DIRECTORS of a science firm which has been thrown into crisis are in a race against time to raise the £500,000 needed to secure its future.
Bosses at nanotechnology firm ANTnano, based County Durham, say they have until Christmas to raise the investment needed to make a last-ditch rescue of the business.
The Sedgefield company was forced to axe its 16-strong workforce – made up almost entirely of North East PhD graduates – last week after trading of its shares was suspended due to a major cash flow problem.
Despite having a strong pipeline of orders for its air-monitoring equipment, the firm blamed software issues for an unexpected six-month delay in manufacturing one of its product lines.
This left the company just two weeks to seek investment to fill the £500,000 shortfall created by the lack of sales, or face being suspended under the rules of PLUS market and the likelihood of being wound up in the interests of its creditors.
However, although the company has effectively ceased trading, chief executive Joe Arend has not given up hope that the firm could be rescued before the year is out.
Alongside his fellow directors, Mr Arend has spent recent weeks in a fruitless search for new investment from a number of banks and regional agencies. Ultimately he was unable to attract the funding needed to pay the creditors, but he does believe there may still be interested investors out there whose backing could stop the liquidation process in its tracks.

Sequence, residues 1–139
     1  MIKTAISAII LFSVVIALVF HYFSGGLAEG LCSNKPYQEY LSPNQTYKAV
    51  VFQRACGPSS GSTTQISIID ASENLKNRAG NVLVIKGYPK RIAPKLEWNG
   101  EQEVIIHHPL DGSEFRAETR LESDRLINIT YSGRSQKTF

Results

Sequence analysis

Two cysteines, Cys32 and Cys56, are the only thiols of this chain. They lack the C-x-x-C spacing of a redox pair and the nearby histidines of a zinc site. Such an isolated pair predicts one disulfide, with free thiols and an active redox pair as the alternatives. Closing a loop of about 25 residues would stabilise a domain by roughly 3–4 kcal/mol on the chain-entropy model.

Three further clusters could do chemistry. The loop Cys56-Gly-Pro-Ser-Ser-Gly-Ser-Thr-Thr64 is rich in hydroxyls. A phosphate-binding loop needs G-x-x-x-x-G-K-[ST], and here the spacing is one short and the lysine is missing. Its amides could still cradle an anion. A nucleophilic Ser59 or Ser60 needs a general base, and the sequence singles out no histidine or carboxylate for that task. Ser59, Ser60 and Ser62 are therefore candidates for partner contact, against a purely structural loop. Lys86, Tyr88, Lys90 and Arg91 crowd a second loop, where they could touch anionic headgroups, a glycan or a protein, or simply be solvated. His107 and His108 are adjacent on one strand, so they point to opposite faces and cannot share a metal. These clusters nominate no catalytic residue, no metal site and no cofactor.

He said: “We started to go to the banks but they are not very receptive at the moment and wouldn’t support us. We also went to some local government funding agencies in the North East but they didn’t have the budget. We are frantically still trying to raise the £500,000 but whether we can or not before the full liquidation is an open book.
“If investors or other interested parties invested the cash [before Christmas] we could go ahead and put our staff back in place this week.”
In its five-year history, around £5m has been invested in ANTnano, while it has won a number of commercial deals following its emergence from the research and development stage – including large contracts with corporate giants Unilever and Procter & Gamble.
The firm was spun out of Sunderland University to exploit technology developed at the university to detect airborne pollution.
In August last year it received £3.7m from the Singapore government to help in its work to detect the presence of bird flu. This was followed a few months later by a £79,000 grant from the Economic Development Board of Singapore for its work in detecting MRSA.
If the company’s liquidation is finalised, administrators will look to sell off the patents to its groundbreaking products to fellow nanotechnology firms around the world.